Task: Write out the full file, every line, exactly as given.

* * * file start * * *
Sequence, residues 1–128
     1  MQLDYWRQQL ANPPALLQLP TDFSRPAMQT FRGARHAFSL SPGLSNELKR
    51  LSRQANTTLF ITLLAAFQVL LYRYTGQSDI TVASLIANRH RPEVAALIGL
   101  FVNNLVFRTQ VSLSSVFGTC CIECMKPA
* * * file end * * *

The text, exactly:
Sequence, residues 1–128
     1  MQLDYWRQQL ANPPALLQLP TDFSRPAMQT FRGARHAFSL SPGLSNELKR
    51  LSRQANTTLF ITLLAAFQVL LYRYTGQSDI TVASLIANRH RPEVAALIGL
   101  FVNNLVFRTQ VSLSSVFGTC CIECMKPA